HIPAA a challenge for occ-med researchers
Take care with identifiers
The new HIPAA rules also present a challenge to medical researchers, who need to be able to identify individual patients in clinical studies and to track them over time. (Research plays a significant role in the occupational health profession, as experts seek to understand the connection between job tasks, the working environment, and injury and illness.)
"HIPAA regulations are a wake-up call for clinical researchers who now need to modernize their approach to managing private clinical information," says Eran Bellin, MD, a medical researcher who also is the head of New York City-based Montefiore Medical Center’s HIPAA security subcommittee. HIPAA specifically requires hospitals to "implement a mechanism to encrypt and decrypt electronic protected health information."
Bellin, who could find no existing computer software to meet both privacy rules under HIPAA and his own research needs, built one. The innovative program encrypts identifiers (such as a Social Security number) on a clinical trial patient’s electronic medical record. The key or code to the encryption system, and therefore access to the patient’s medical record, is then stored in a separate database on another computer.
"The software is significant for Montefiore, because, as the university hospital and academic medical center for the Albert Einstein College of Medicine, we conduct trials involving hundreds of patients and tens of millions of dollars annually," says Bellin, who hopes that the software will become a national model for other medical centers. The software is believed to be the first of its kind.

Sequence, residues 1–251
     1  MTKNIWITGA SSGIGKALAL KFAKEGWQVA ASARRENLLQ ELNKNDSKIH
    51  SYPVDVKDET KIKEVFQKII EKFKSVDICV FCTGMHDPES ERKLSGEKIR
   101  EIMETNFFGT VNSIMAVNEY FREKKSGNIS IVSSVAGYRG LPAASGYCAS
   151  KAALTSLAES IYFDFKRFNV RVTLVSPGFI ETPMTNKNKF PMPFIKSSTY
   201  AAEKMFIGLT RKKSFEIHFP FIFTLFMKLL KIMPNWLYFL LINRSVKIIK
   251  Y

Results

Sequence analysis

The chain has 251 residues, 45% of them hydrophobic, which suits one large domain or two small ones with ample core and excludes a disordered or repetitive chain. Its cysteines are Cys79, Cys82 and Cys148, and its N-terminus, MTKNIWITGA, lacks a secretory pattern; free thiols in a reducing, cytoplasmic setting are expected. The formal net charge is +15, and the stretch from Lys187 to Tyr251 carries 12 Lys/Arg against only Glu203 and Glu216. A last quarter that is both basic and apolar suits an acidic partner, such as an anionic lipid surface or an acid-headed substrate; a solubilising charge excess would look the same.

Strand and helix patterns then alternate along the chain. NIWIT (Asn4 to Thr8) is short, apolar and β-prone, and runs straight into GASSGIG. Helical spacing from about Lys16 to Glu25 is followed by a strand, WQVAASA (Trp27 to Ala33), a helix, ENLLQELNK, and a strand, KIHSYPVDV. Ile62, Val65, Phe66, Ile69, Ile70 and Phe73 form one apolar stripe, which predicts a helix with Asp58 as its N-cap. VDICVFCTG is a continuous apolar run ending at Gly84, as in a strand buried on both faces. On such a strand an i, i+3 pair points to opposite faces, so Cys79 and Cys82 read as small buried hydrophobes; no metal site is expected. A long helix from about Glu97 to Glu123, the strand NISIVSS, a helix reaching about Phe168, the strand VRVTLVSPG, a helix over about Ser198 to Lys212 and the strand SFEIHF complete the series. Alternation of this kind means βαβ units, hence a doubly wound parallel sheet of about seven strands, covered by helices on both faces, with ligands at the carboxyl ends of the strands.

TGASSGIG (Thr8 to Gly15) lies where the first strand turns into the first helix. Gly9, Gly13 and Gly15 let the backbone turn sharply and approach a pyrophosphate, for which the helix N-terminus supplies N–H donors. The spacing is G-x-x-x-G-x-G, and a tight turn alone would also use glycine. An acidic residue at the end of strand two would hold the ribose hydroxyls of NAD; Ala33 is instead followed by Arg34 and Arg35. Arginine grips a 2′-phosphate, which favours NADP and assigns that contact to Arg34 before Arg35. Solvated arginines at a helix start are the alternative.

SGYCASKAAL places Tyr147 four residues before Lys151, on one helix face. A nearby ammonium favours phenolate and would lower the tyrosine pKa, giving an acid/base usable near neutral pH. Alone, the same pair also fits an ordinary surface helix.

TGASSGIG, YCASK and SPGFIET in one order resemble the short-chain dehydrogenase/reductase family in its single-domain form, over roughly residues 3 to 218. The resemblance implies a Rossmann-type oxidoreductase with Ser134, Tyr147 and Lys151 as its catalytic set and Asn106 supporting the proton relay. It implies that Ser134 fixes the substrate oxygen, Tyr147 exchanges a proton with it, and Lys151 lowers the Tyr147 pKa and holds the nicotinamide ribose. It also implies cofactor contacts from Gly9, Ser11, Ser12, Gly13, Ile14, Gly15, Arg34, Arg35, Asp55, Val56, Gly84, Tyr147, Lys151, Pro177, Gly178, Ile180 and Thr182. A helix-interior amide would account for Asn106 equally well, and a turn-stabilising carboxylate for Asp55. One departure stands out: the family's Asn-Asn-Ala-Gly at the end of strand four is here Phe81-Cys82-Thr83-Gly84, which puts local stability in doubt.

Patient privacy can be further protected, notes Bellin, if the encryption key becomes the property of a research institution’s institutional review board — generally composed of ethicists, researchers, and community members who review and monitor clinical research and whose job it is to guard against access to patient records.
Researchers have historically been permitted to review patients’ medical records and then physically lock up the information in a drawer, file or within a computer database. When research findings are released, the data are aggregated so no individual is identified. HIPAA restricts the ways in which researchers may use or disclose protected health information in a patient’s medical record and this requires more modern methods to access and use the patient information.
The new software is called FieldEncrypt. Additional information is available at http://fieldencrypt.devguru.com.
AHA offers HIPAA guidelines
With the deadline for complying with the Health Insurance Portability and Accountability Act’s (HIPAA) privacy rule upon us, the Chicago-based American Hospital Association is reminding members about a brochure it released in February that updates guidelines for releasing information on the condition of patients under HIPAA.
The brochure is designed to inform hospital staff about how and when hospitals can release information on a patient’s condition to media, family members, and clergy. Members can download "Guidelines for Releasing Information on the Condition of Patients" at www.aha.org. Click on "HIPAA" under "Key Initiatives," then on "Updated Guidelines." Printed copies can be ordered by clicking on the "Order Guidelines" for the brochure at www.hospitalconnect.com.